Beat the clock: the global problem of overwork and the right to disconnect | United Workplace

Beat the clock: the global problem of overwork and the right to disconnect


Anybody who doubts the importance of work and working culture to people’s lives should look at the resistance to President Macron’s mooted changes to labour laws. His attempts to modernise and liberalise French workplace legislation marked the first cracks in his reputation and brought millions of French workers to the streets as part of a national strike.

However, one change to French legislation that met with little or no resistance earlier this year was a new right to avoid work emails outside working hours. Under the legislation, firms with more than 50 workers will be obliged to draw up a charter of good conduct, setting out the hours when staff are not supposed to send or respond to emails.

France is not alone in this as awareness grows of the problems associated with long working hours, most of them unpaid. Some of the risks associated with the use of technology, often right up till bedtime include disrupted sleep patterns, depression, burnout and relationship problems.

And it’s not even as if long hours equate to greater productivity. In fact, there is some evidence to suggest that long hours have an inverse relationship with productivity. The UK has one of the longest working weeks in the developed world and yet also has persistently low levels of productivity. According to a 2014 study from Stanford University, employee output falls sharply after a 50-hour work-week, and falls off a cliff after 55 hours. Anybody who puts in 70 hours produces literally nothing more with those extra 15 hours.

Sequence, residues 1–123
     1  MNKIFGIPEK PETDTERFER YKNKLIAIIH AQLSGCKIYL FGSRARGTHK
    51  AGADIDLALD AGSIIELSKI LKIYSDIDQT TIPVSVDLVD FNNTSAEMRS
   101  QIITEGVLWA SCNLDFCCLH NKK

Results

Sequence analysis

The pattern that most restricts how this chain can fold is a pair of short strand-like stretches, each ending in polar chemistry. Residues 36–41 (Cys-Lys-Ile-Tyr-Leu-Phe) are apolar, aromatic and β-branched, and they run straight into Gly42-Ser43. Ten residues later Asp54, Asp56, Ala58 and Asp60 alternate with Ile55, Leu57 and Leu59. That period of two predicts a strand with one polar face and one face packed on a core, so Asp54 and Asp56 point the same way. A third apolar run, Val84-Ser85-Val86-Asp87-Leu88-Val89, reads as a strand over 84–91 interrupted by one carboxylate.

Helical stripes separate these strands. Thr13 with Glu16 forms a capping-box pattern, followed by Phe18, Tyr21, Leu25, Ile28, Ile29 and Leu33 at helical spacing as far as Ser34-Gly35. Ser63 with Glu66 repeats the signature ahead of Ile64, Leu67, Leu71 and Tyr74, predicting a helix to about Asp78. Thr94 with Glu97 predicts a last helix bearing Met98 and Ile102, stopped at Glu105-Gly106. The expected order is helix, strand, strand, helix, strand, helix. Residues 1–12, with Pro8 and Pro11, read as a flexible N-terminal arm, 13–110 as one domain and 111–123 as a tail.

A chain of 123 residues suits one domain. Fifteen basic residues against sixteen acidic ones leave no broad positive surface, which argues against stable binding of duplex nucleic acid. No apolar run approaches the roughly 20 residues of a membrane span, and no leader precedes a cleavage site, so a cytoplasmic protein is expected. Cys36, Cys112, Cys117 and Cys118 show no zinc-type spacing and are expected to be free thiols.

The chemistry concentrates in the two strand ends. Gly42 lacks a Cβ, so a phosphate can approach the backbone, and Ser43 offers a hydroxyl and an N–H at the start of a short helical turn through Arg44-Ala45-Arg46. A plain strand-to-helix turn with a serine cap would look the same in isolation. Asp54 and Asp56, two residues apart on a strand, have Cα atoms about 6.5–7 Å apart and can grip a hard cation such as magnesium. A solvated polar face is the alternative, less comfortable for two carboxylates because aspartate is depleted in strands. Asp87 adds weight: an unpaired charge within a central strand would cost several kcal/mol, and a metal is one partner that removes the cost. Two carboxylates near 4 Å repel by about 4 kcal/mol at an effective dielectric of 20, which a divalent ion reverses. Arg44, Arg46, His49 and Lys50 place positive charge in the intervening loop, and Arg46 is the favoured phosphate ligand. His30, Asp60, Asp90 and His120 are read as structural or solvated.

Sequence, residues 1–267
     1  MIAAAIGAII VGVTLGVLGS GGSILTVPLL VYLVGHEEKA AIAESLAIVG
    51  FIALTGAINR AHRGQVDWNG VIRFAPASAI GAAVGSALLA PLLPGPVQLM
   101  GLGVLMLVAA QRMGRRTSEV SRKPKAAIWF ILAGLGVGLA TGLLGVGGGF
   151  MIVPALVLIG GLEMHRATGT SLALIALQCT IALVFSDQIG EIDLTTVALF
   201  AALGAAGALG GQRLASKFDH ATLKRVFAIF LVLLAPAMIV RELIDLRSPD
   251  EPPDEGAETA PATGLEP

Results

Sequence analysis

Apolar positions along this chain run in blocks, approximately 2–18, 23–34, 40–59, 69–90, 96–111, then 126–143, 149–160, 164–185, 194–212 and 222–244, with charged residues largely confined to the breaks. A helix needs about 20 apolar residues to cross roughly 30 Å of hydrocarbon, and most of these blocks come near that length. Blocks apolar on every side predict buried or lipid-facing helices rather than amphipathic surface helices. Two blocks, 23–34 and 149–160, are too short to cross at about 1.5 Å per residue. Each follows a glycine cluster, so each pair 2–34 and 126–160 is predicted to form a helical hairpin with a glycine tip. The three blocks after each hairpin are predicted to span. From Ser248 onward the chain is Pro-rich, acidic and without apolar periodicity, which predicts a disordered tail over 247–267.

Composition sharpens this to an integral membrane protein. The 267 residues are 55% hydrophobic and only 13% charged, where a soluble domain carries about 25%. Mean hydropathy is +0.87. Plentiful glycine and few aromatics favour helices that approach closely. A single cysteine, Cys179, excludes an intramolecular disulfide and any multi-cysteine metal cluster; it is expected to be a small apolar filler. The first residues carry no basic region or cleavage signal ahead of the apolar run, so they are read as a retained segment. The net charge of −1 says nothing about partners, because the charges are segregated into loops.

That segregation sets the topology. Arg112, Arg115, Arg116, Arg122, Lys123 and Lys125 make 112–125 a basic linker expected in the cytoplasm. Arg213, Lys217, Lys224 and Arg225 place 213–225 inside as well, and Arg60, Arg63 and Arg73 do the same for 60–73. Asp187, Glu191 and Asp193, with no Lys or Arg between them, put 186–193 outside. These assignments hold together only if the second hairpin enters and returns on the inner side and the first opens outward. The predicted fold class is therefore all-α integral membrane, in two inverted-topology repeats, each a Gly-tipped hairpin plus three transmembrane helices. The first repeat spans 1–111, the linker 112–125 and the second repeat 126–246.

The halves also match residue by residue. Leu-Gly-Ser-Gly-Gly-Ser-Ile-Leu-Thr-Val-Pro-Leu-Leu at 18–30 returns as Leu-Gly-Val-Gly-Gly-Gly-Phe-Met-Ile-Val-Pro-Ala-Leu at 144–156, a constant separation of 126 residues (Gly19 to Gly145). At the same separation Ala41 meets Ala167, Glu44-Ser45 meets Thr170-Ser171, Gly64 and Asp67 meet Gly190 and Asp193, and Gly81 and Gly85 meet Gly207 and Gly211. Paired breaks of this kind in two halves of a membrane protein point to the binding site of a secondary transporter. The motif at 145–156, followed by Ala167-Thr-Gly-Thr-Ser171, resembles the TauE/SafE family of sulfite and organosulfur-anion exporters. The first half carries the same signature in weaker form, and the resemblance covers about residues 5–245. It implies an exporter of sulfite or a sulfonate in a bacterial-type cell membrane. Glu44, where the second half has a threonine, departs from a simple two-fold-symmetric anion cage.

It’s also not apparent that excessive hours do not necessarily do anything for career prospects. In a study of consultants by Erin Reid, a professor at Boston University’s Questrom School of Business, managers could not tell the difference between employees who worked 80 hours a week and those who just pretended to. The study found that people who transparently worked fewer hours were penalised, but could find no evidence that these people were less productive or that those who put in extra hours actually achieved more.

Japan has such a big problem with overwork that it has its own word for the experience of those who die because of it. Now even the Japanese are at breaking point with long hours culture that leads to so many cases of ‘karoshi’, or death from overworking. Yet, to Western eyes the proposals to address the issue still seem inadequate. Proposed new legislation would restrict overtime to an average of 60 hours a month, with a 100-hour limit in busy periods.

This is not unusual by Japanese standards. A government report from 2016 showed employees at nearly one in four companies notched up more than 80 hours of overtime a month, while staff at about one in ten workplaces did an extra 100 hours.

In October, a Japanese advertising firm was fined for making employees work excessive overtime after the case of the death of a young worker called Matsuri Takahashi who killed herself in 2015. Ms Takahashi was reported to have worked around 100 hours of overtime each month for a long period of time before her death. The calls for legislation have intensified as a result.